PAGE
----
“well, I keep my head held up high
cause looking down never got me anywhere
don’t waste your time, worrying about me
cause I’m going to be just fine, just fine
don’t you worry about me, I’m going to be alright 

well everybody wants all the answers 
they makes us feel there might be a chance we’re 
gonna make it through this world unscathed 

but what I know and you know it too 
you need me and I need you 
and together you and me, we’re gonna make our way”

     – “Just Fine,” Kevin Campbell 


Y’all make me sweat, you know that? Less than a week before Kevin Campbell’s Memphis debut and the confirmed guest list could have comfortably fit around my dining room table. And it’s not a big table. But you came through in the end, and after a full-court press on social media and last-minute TV appearance, we got a loving roomful to enjoy a moving night of music and stories we won’t forget.


Although not a complete stranger to Memphis, it had been twenty years since Kevin last saw the place, and he spent a few days before the show getting reacquainted. Clearly we got in his head, because we were treated to both Sun and Stax covers. And like the spectrum between Johnny Cash and Otis Redding, Kevin’s own work covers a lot of ground. He played a triptych detailing the shock, grief, and healing after losing his mother, taking us through that process’s highs and lows. He shared stories of friends and family, even managing to show affection and appreciation for those that can drive him a little crazy. And he returned often to the rich tapestry woven throughout a long-term relationship, with the tales of those struggles and celebrations made all the sweeter by Melissa, his partner of 18 years, joining us in the audience (and assuredly taking better pictures than I did).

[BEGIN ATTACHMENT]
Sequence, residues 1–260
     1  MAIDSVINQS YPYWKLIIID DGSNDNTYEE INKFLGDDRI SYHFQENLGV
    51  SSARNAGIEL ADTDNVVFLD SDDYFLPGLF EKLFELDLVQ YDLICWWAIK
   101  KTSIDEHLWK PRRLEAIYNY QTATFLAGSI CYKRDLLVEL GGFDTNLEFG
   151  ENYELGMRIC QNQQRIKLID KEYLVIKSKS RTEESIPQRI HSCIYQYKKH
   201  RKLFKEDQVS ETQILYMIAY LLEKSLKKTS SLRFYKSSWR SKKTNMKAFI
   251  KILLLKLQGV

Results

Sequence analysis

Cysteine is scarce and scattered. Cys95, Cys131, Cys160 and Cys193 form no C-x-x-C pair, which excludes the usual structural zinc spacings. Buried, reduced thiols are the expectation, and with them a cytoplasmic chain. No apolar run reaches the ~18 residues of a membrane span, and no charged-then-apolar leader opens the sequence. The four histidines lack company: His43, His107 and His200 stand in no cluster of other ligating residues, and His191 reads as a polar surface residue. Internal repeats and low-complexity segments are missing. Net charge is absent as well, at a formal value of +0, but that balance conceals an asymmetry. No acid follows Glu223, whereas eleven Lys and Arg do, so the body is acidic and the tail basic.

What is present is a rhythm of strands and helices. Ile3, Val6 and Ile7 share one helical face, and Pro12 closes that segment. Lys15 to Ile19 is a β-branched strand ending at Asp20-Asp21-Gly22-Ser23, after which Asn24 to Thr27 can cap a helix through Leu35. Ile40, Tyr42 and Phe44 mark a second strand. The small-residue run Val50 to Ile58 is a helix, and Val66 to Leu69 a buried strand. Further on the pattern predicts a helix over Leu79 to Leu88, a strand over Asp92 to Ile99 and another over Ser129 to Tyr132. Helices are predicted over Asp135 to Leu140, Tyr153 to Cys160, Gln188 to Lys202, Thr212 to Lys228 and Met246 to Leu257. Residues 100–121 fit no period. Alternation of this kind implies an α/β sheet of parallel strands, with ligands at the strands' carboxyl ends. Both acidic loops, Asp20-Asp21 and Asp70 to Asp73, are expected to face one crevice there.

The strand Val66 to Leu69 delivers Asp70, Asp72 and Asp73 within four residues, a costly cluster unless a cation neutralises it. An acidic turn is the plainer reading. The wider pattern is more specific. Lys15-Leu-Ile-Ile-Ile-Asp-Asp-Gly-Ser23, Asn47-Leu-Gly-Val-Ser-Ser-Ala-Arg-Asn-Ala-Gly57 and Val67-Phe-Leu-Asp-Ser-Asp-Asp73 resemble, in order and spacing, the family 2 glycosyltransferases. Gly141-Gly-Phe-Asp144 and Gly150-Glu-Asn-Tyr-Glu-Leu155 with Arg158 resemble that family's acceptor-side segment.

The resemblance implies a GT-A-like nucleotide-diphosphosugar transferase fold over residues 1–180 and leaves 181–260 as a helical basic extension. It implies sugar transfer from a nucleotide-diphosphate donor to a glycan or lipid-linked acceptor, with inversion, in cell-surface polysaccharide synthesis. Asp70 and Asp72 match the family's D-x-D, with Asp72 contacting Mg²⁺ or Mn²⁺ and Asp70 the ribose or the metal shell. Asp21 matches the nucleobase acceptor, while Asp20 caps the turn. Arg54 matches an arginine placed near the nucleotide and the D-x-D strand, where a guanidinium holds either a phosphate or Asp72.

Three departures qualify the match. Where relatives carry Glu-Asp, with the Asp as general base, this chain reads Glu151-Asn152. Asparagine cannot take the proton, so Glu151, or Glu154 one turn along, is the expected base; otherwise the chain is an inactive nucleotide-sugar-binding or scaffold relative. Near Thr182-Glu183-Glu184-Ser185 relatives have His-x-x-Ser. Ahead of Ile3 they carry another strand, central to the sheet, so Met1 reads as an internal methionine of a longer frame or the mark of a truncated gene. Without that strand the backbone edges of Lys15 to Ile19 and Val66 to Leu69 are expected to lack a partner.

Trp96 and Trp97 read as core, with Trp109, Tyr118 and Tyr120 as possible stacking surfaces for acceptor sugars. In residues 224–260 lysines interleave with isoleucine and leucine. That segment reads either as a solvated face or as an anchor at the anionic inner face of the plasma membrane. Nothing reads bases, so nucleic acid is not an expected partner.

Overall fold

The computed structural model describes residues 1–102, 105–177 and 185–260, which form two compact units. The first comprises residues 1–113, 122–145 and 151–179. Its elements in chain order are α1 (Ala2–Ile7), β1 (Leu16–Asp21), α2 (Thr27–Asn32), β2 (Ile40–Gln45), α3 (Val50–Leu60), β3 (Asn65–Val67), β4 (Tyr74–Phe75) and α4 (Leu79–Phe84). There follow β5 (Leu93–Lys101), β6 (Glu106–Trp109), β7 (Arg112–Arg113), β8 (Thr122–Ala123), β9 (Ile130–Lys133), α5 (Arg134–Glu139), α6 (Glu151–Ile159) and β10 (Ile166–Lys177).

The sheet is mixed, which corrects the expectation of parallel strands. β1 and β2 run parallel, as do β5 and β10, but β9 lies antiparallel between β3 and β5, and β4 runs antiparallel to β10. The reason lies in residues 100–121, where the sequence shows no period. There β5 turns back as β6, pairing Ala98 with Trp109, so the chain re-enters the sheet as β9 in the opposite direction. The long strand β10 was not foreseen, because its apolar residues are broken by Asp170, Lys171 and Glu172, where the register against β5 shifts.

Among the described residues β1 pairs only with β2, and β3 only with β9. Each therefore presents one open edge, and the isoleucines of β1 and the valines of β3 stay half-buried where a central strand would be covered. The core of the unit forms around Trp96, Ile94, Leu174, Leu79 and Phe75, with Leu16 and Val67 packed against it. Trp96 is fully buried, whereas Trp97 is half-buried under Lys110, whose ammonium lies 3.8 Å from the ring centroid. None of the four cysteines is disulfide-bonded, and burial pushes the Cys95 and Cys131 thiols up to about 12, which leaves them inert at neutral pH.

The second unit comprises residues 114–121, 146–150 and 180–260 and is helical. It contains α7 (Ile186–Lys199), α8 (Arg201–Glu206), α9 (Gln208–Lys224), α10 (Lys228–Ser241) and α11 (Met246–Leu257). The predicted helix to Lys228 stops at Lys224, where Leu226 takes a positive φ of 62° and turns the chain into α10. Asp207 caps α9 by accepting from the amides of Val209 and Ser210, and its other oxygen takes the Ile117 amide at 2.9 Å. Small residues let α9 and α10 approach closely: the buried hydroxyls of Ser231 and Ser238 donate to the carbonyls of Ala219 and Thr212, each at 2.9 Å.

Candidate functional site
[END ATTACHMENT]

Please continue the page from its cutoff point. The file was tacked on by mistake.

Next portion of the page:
We didn’t talk about it directly and he didn’t address it on-stage, but Saturday was a hard and upsetting day, with white supremacists marching, attacking, and killing in Kevin’s home state of Virginia. Even in our sheltered setting, these ongoing struggles couldn’t be ignored. Kevin played a more recent piece expressing the pain and confusion he experienced in the aftermath of the 2016 election, which was met by palpable sympathy and a powerful round of applause. His penultimate song was “(Sittin’ on) The Dock of the Bay,” with its hopeful journey to an uneasy rest, and he finished the night with “I Keep Dreamin’,” his own effort to work through fear and anxiety to find a place of peace.


I seek music out to accompany me in that day’s headspace, and I think we tend to attract true listeners who do the same. Kevin’s performance was perfectly attuned to an evening when we needed to reflect on our shared experiences without forgetting that some among us face much greater challenges, a time when we needed to mourn but keep moving forward. Those are messages that Memphis music has been sharing for decades, and even translated by a Virginia-born west coast transplant, they felt right at home at this time and place.


Thanks for making us part of your journey, Kevin. Memphis sounds good on you.